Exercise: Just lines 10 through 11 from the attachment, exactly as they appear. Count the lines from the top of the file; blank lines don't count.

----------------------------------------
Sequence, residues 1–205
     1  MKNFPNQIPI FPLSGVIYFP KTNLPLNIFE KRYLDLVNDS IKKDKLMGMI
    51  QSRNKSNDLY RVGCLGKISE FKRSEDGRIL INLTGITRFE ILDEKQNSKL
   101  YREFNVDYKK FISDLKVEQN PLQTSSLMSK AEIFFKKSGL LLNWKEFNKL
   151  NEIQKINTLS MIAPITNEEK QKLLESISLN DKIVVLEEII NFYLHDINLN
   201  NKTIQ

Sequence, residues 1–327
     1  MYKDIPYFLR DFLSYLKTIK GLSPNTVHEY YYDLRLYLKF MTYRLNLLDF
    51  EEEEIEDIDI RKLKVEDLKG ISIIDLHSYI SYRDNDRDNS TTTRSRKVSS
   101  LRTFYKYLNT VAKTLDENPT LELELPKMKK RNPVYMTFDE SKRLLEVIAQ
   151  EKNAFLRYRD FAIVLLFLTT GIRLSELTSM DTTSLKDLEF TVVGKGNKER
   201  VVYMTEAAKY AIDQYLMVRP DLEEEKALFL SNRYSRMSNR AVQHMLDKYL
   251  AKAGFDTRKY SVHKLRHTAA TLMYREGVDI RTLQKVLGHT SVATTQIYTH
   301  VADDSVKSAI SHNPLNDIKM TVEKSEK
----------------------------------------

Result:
   101  LRTFYKYLNT VAKTLDENPT LELELPKMKK RNPVYMTFDE SKRLLEVIAQ
   151  EKNAFLRYRD FAIVLLFLTT GIRLSELTSM DTTSLKDLEF TVVGKGNKER